"We sure did, bro!" he will reply, nearly in tears. "At first I didn't think all these months were gonna be worth it, but every single person in the worl
argument The last time I spoke with you, it was like breathing underwater. My lungs were filling up, so that thin words kept swimming out of my mouth and I coughed up phrases that didn't make sense. Every speck of twisted logic you managed to shout suddenly fit, and I found myself wondering if you had been right all along. It was too bright. You were too loud. I didn't know what to say, and the fish were swimming all around me and brushing my shivery arms and my skirt was floating and freezing my bare legs. My hair was seaweed. My tongue was salt. I was not as pretty as a mermaid.argument8 years ago in Biography & Memoir More Like This
I'm not sure how, but underwater you were the most sensible person alive or dead. Your arguments, usually ridiculous, rang strong and true and made me look like a stupid foolish little child. My retorts were sloppy and ill-re
Don't Know Love, Can SwingI Don't Know Love, But I Can SwingDon't Know Love, Can Swing9 years ago in Free Verse More Like This
Well-versed in the syncopations
of love's first calls and fully read-up
on the sonnets available from the muse,
this park swing finds me an avid follower
of a new way. I don't know love anymore,
but I do know swinging in the park. And I find it
hard to fathom that there is any depth
left in the subject that cannot be
plumbed by kicking the ground hard
and having your heart lurch into your
mouth indecently. Love is,
after all, only an abstract way to trip
yourself repeatedly and blame it on someone.
And heartbreak is every scraped knee, gravel
and blood embedded obscenely in each other.
I'd rather wager my fortune on a swing
tied with ropes too long, than a man
tied with words and promises
to me, tied with words and promises -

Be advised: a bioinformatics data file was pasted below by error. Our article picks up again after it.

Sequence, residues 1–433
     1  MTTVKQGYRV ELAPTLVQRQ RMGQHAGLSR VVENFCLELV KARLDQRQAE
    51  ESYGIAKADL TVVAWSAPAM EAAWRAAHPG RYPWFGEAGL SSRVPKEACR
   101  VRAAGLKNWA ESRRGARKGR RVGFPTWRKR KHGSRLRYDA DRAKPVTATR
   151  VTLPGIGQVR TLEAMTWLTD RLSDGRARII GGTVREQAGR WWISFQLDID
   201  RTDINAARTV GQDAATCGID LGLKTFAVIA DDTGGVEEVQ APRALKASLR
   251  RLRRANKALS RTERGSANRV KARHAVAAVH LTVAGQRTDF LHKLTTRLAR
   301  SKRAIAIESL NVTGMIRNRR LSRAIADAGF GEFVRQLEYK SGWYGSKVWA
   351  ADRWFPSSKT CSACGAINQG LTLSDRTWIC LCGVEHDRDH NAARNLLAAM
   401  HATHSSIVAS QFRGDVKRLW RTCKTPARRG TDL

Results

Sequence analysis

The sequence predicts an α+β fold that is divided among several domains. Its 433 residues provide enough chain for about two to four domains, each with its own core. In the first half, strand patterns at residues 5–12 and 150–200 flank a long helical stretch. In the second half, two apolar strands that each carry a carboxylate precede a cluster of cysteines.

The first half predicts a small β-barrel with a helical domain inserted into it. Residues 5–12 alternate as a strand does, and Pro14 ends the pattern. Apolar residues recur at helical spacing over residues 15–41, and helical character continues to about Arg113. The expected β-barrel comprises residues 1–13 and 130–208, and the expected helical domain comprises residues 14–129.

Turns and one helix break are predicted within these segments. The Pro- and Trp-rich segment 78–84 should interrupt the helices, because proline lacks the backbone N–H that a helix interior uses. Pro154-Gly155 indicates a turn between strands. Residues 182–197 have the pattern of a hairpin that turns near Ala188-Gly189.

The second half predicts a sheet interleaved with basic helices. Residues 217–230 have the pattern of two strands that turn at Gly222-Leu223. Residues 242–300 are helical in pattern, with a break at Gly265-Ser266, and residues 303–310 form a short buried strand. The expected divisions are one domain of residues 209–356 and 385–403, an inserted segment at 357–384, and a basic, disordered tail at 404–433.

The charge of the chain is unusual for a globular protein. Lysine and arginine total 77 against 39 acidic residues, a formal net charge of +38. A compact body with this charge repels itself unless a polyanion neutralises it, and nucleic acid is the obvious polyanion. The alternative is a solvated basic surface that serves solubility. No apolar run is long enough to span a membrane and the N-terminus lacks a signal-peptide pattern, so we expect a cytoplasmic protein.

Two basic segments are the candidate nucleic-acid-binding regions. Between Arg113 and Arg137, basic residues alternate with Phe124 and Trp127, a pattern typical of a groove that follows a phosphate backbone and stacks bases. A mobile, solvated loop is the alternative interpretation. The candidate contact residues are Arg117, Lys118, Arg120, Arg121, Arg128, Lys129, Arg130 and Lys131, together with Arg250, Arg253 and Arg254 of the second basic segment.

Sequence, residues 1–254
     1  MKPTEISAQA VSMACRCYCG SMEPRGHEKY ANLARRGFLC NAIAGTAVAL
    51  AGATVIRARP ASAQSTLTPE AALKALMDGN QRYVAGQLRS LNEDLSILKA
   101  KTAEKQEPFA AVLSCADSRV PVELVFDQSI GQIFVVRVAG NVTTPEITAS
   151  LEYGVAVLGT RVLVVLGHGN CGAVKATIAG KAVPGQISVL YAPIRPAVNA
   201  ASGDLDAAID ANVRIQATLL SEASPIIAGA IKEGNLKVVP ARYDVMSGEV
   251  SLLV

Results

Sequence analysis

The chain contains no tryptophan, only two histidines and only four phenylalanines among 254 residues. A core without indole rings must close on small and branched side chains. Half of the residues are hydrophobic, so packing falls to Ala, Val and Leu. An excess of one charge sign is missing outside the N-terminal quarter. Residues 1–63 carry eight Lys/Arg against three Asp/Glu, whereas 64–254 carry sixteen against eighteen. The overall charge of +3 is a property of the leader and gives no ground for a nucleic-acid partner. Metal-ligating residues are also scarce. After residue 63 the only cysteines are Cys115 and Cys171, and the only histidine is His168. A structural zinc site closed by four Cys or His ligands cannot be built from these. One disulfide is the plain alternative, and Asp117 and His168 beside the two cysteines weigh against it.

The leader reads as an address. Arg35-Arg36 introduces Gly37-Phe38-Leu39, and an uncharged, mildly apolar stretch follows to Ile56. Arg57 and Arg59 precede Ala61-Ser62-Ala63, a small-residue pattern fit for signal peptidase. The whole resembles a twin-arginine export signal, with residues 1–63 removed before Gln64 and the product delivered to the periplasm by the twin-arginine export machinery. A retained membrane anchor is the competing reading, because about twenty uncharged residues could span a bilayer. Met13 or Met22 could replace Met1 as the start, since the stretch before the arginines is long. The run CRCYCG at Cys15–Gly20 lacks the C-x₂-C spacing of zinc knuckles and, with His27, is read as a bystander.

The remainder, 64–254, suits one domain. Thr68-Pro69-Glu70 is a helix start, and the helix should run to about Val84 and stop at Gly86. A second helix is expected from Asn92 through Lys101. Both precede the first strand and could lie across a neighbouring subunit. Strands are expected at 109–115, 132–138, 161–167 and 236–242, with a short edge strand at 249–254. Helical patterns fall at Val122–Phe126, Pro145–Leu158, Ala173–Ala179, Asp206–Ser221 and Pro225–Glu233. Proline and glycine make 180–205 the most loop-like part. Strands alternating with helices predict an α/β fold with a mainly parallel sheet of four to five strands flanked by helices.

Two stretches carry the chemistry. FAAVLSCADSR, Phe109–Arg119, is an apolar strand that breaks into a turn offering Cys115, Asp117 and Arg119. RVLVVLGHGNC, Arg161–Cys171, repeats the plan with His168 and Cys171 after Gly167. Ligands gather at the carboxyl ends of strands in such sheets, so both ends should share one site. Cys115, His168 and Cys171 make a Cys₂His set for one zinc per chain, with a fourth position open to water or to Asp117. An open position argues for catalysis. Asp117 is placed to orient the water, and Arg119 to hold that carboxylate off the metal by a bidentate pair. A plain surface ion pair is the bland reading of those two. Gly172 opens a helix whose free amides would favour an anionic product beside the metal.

No, I'd rather fight gravity, lose
and fight again, than love a man
and love a man and come down,
hit the ground and love a man again.
TributeGail was born on the first of August 1942, the elder of two. She grew up in New York City, marrying by age 22 and producing three children of her own.Tribute8 years ago in Stories & Vignettes More Like This
She'd tried her first cigarette when she was eleven. That shouldn't surprise you; in those days there wasn't a Surgeon General's warning or for that matter, any other public service messages.
While she enjoyed motherhood well enough, Gail also had a restless spirit; she was happiest when she was working, helping others, or driving her car. Accordingly, just before her 53rd birthday (and with her children grown and flown) she lost forty pounds and fulfilled a lifelong dream: qualifying as first an ambulance driver, then an EMT, for the local fire department.
She threw herself into her responsibilities with newfound purpose, losing even more weight and finally finding the strength to quit smoking. One young woman credited Gail with saving her life when she'd had a seizure at work. And she once made the local papers as one of several
MayflyMayfly10 years ago in Free Verse More Like This
When we were mayflies our wings were
worn from wire screens, but the tentative
beats of your belly chimed like iron.
And it occurred to me that through
the breeze of burning leaves our eyes
were open to wasps and weeds.
Good LuckI want to have my dog put down, the man said for the second time.Good Luck8 years ago in General Fiction More Like This
Lisa had asked him to repeat himself because his voice was low and gruff, he had an apparent tendency to mumble, and she was positive shed misheard him the first time. It wasnt possible that he was saying what it sounded like he was saying, unless it was in reference to a different dog than the one sitting patiently beside him.
There was a rule about leashes in the clinic, but Lisa could tell the dog was under perfect control. She could tell that if the man moved, she would move, as though adhered to his calf, unless he told her to stay, in which case she would root herself to the smudged linoleum, until compelled to move by his call or considerable physical force. Lisas father had raised lambs, back in the time when lambs lived in enormous pastures and fences were unnecessary. He had a pair of black and white border collies then, and they exhibited the precise brand of attention she
claycowardice runs deep, like a rich vein of redclay8 years ago in Free Verse More Like This
through the bottom of a Colorado river.
so I gathered that clay, scooped it up in my hands
and packed it, carefully, over my face
until it covered every inch; and my lidded eyes
were merely dents in the thick tan façade.
this was cleaner
than the traditional, Oedipal method
of blinding oneself.
alone, the clay
was not enough. I stayed inside
the house, too, under cover of a sturdy blue roof
that cordoned the horizon
because out here there is too much sky
to hide from.
and I ignored the phantoms
still flitting in my ears,
because they spoke of the kind of roses
that wilt and melt in the rain, dropping their petals